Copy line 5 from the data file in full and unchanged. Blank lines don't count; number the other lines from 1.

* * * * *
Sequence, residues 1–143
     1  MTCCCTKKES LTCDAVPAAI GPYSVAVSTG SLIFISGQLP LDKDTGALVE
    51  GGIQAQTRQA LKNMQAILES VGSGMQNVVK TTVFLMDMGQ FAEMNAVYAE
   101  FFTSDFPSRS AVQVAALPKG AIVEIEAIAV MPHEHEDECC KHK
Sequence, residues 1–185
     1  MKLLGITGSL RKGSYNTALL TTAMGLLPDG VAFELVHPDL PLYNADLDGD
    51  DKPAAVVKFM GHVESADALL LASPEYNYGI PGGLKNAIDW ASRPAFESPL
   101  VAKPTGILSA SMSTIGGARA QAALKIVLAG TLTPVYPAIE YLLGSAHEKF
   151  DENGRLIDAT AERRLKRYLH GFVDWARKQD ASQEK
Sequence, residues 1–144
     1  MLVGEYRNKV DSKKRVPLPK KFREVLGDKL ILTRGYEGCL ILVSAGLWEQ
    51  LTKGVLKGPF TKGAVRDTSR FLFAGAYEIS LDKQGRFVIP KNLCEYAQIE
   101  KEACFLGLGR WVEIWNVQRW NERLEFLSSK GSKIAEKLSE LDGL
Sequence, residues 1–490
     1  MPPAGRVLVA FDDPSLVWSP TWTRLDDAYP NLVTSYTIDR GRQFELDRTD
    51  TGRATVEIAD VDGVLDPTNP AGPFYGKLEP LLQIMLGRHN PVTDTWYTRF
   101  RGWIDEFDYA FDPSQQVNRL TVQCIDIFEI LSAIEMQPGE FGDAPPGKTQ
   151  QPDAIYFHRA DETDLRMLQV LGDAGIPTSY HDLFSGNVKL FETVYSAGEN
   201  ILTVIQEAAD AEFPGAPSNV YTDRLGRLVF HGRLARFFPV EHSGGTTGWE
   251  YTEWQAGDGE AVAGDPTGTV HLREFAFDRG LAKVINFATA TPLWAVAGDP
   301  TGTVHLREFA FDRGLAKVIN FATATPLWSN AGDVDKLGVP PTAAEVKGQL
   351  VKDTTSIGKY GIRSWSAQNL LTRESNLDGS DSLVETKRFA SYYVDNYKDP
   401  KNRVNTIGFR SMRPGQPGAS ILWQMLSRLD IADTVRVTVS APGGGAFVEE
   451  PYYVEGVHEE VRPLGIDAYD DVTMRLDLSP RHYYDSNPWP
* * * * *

Sequence, residues 1–185